According to guns.com, Gov. Kate Brown of Oregon approved a piece of gun legislation this week that establishes Extreme Risk Protection (ERP) Orders, that forces subjects to surrender their firearms.
The law allows police, or a member of a subjects family or house hold, to file a petition with the court that could lead to an order stripping an individual’s Second Amendment rights if it is believed that they pose an imminent risk to themselves or others.
The bill, SB 719A, passed the Senate 17-11 in May and the House 31-28 in July, the story says.
Brown said in the story that the new Extreme Risk Protection Orders the “best way to ensure that a person who is at risk of harming themselves or others is identified, while still ensuring their rights are protected by a court review.”
The law establishes a process for obtaining the orders, which will be issued by a judge in civil court. The subject will be prohibited from possessing or buying firearms or ammunition for one year, the story says and must surrender any firearms they own, or they may be stored with a third party fur the duration of the order.
Once a judge issues an ERP order, the subject has 30 days to request a hearing to keep their firearms, which then must be held within 21 days, the story says.
Another aspect of the bill has riled gun rights supporters. Once an order is issued, it also grants police enforcing that order the power to search for and seize guns that were not willingly surrendered or stored somewhere else.
The fact remains, the signing of this law could very realistically lead to situations where armed police officers are forced to go to private citizens homes to seize their firearms, which could result in violent confrontations, especially since the citizens in question are likely disturbed in some way because of the nature of the of the ERP orders.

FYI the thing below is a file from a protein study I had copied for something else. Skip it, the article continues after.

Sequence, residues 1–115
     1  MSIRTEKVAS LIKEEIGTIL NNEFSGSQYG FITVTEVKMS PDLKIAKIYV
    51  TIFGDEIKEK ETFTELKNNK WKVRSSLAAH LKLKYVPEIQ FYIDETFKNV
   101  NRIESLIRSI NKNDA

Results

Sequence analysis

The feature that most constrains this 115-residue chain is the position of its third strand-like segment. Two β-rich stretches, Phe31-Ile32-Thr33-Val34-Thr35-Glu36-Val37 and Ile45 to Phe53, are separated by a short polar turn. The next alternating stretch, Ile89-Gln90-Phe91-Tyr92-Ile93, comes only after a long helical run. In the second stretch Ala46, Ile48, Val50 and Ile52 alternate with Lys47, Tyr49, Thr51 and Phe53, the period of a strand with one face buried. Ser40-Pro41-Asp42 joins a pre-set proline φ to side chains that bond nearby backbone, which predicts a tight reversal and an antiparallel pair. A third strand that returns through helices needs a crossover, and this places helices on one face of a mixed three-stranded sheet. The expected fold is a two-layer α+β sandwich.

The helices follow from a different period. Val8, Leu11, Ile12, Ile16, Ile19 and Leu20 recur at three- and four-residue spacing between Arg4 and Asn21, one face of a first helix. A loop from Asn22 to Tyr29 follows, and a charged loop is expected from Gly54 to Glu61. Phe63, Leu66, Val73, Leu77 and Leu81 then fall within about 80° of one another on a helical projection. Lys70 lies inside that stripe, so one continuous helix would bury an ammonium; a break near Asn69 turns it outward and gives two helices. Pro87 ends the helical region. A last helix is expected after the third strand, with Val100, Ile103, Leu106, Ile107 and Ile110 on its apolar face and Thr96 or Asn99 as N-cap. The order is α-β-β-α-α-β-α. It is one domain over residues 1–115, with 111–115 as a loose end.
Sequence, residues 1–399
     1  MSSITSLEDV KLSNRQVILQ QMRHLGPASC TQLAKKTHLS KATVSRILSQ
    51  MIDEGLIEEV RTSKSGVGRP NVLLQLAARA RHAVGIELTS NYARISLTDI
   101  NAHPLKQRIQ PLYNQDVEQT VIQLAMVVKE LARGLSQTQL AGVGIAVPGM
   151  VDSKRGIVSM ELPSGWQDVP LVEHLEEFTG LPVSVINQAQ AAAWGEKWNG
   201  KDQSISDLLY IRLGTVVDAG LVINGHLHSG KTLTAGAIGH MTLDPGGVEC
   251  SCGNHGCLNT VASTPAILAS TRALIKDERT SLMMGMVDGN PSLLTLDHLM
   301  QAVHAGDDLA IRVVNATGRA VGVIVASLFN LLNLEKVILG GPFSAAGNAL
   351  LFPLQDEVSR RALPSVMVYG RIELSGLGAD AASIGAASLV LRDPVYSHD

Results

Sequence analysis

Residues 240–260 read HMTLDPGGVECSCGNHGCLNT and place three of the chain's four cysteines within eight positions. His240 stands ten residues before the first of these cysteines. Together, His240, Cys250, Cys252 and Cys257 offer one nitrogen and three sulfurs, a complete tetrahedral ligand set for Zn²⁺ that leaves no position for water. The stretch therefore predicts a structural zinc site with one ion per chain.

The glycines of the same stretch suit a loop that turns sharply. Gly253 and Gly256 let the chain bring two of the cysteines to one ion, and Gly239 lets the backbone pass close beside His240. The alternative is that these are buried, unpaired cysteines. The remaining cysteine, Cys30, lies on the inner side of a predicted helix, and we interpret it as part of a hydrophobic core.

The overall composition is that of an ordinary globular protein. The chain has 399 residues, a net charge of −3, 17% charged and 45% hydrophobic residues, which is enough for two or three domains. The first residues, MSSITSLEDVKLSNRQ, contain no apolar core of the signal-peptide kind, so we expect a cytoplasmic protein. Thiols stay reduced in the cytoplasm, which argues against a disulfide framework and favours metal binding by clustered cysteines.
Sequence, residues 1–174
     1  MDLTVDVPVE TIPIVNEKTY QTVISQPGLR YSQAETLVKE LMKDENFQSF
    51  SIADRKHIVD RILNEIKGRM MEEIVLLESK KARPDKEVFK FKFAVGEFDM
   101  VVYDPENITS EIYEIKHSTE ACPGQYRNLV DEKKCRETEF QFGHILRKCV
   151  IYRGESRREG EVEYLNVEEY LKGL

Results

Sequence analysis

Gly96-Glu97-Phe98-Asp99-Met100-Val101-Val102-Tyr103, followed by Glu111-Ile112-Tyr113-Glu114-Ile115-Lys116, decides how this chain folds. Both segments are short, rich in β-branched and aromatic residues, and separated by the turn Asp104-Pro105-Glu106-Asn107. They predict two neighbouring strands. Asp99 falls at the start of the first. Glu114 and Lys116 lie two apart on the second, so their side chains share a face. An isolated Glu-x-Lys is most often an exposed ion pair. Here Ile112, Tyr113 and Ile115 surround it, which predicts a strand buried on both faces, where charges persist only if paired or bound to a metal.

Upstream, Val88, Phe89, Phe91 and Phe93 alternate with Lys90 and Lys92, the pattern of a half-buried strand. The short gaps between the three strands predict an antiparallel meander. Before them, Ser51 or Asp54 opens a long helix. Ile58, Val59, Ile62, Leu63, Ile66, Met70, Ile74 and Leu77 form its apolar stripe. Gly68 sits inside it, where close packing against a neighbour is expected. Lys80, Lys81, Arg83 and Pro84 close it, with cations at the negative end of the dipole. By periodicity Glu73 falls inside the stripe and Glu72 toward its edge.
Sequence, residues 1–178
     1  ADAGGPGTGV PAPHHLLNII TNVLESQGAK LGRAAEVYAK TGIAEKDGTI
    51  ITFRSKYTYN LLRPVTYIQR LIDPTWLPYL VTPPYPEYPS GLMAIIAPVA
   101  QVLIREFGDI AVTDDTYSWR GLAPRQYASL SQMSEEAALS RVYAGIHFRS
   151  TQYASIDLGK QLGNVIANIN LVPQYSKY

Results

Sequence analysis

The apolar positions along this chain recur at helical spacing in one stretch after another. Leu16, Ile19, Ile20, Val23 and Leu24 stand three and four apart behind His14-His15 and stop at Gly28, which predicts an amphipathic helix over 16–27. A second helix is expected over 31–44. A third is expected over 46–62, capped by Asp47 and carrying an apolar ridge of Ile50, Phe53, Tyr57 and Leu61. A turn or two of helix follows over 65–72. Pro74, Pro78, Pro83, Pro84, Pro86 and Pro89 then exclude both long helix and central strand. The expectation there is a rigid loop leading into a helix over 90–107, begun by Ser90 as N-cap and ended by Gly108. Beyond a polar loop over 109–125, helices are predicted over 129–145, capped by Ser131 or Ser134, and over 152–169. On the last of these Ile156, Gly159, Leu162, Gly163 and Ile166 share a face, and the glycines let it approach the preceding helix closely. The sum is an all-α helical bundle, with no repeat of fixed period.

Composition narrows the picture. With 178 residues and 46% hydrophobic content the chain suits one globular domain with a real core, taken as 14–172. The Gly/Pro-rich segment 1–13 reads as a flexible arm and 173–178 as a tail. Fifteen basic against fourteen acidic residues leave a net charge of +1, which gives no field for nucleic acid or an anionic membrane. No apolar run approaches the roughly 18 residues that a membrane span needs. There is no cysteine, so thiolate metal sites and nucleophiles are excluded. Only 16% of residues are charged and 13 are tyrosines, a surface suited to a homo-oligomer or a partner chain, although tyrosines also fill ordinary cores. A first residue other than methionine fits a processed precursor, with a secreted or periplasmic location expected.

To mitigate the chances of these orders being used for any reason other than their intended purpose, there are penalties in place. Anyone discovered filing a fake order could be imprisoned for up to a year, and/or pay a fine of up to $6,250.
Second Amendment groups have spoken out strongly against the process, saying it doesn’t provide enough structure for those deemed at risk to receive any kind of assistance or counseling. There are also no provisions for taking a person deemed to be dangerous into custody. The gun rights groups also say there are due process concerns, according to the story.
From a statement issued by the NRA-ILA:
“By allowing a law enforcement officer, family member, or household member to seek the ERPO, SB 719A would allow people who are not mental health professionals, who may be mistaken, and who may only have minimal contact with the respondent to file a petition with the court and testify on the respondent’s state of mind.”